What a week for Mike Rizzo. What a week for the Washington Nationals.
After more than five months of doing the work of Washington's general manager -- including signing No. 1 overall draft pick Stephen
Strasburg to a record deal just a few days ago -- Rizzo is getting the big title, too.
Rizzo, the acting general manager since spring training, was still technically an assistant GM. Now he will be the team's GM and senior vice president of baseball operations, a promotion the Nationals announced at a news conference Thursday.
When making the announcement, team president Stan Kasten said Rizzo had just black mark on his resume that needed to be addressed.
"It's never good to put on your job application, 'I just gave away the most money in history to a draft pick,'" Kasten joked, referring to the contract signed by Strasburg. "Fortunately, the guy who hired him just did the same thing."
With Strasburg signed, the Nationals hope to have their ace for the future. But Rizzo isn't satisfied.
"In the immortal words of Stan Kasten -- pitching, pitching and pitching," he said, adding that he wants to add a workhorse veteran starter and that he likes to put speed up the middle of the diamond and "mashers" on the corners.
Rizzo was given the general manager's duties shortly after Jim Bowden abruptly resigned as Washington's GM on March 1.
"The things he's done since he's been on board have been really good, and they've made us a better team," Nationals third baseman Ryan Zimmerman said after the 5-4 loss to the Colorado Rockies on Wednesday night. "It's not our place to decide what people in the front office are here or there, but to have him around, I think, would be good."
Rizzo joined the Nationals as assistant GM in July 2006, after seven seasons with the Arizona Diamondbacks, primarily as director of scouting. He was a minor league player for four years and is widely regarded as a strong evaluator of talent.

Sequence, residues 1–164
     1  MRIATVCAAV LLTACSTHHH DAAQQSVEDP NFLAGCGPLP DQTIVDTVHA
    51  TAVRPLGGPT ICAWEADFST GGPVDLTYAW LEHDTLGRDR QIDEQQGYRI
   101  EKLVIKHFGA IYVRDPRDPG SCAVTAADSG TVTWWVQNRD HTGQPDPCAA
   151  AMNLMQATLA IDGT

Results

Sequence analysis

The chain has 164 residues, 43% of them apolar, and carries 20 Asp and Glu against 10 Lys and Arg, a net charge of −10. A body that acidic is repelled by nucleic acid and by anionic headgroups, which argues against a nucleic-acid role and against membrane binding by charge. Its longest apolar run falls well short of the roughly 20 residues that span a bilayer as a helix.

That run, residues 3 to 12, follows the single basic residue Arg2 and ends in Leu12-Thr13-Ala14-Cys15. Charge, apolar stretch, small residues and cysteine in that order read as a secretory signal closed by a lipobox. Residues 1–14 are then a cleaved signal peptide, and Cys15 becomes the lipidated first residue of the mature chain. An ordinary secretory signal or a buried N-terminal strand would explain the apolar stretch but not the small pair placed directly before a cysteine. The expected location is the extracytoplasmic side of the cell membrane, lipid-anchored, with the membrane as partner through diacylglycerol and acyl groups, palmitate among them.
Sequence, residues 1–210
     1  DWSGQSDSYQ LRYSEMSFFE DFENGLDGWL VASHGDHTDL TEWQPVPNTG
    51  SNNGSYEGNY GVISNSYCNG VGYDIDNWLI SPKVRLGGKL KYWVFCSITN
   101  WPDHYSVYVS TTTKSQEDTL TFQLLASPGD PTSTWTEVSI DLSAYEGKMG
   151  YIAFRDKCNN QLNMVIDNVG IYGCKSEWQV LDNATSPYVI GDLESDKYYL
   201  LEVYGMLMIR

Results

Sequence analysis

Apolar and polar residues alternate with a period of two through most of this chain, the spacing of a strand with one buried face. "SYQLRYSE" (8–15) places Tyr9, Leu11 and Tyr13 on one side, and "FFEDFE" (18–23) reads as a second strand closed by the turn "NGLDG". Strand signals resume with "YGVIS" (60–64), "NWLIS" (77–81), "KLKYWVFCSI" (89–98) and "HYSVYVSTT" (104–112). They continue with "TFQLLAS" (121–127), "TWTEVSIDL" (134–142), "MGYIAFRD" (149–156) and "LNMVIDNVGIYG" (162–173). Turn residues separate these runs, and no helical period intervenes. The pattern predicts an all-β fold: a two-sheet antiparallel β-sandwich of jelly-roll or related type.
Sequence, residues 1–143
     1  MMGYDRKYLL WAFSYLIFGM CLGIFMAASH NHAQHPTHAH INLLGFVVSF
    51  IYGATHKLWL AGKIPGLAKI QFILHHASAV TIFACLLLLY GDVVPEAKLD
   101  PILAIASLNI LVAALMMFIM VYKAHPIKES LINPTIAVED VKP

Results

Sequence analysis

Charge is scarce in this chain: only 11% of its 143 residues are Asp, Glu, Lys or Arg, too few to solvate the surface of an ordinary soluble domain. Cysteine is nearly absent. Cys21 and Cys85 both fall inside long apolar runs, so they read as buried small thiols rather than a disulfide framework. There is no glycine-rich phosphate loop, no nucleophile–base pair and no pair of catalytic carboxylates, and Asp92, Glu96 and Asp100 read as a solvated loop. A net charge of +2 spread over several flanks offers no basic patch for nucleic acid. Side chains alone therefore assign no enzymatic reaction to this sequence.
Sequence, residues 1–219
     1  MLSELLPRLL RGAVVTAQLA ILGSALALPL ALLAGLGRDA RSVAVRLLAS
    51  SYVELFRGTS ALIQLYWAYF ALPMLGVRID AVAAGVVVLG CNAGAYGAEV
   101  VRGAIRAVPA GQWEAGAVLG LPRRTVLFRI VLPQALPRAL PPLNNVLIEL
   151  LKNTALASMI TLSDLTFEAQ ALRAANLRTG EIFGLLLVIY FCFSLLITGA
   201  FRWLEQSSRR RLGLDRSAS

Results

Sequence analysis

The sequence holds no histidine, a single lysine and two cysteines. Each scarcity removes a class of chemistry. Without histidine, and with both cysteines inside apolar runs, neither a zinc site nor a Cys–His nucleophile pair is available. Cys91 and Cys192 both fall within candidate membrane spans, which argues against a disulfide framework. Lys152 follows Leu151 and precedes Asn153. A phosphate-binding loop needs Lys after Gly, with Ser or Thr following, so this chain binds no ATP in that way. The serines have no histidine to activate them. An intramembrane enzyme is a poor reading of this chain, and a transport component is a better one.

Giving him the full-fledged GM job lends a measure of stability to a franchise that rarely has enjoyed any, dating to its days as the Montreal Expos. Indeed, one of Rizzo's key decisions in the coming months will be what to do about the manager: Jim Riggleman was given that job on an interim basis when Manny Acta was fired last month.
Rizzo's advancement is part of a series of significant events jammed into the small space of a handful of days.
As Monday turned to Tuesday, Rizzo concluded talks on a $15.1 million contract with Strasburg, the hard-throwing right-hander
from San Diego State. Now comes word of Rizzo's new post. And, on Friday, Strasburg will be introduced to fans at a pregame news conference on the Nationals Park field.
It was Rizzo who was on the phone with agent Scott Boras, negotiating down to the wire on the Strasburg deal. It was Rizzo who was put in front of reporters to discuss that contract and how it was completed on time. It was Rizzo who was shown on the outfield scoreboard at the team's stadium before Tuesday's game, explaining the Strasburg deal.
That was the latest piece Rizzo added to the organization. He already started the task of what he likes to say is a 'building' effort -- not a rebuilding -- for a perennially last-place team on pace for a second consecutive 100-loss season.
He reconfigured the disastrous bullpen Bowden had assembled. Rizzo also acquired new leadoff hitter and center fielder Nyjer Morgan in a June 30 trade with Pittsburgh, a move generally credited with spurring Washington's recent run of better play.
"He's shown both aggressiveness and patience with the makeup of our roster," Riggleman said before Wednesday's game, "and I think the result is we're playing better baseball because he's solidified our roster."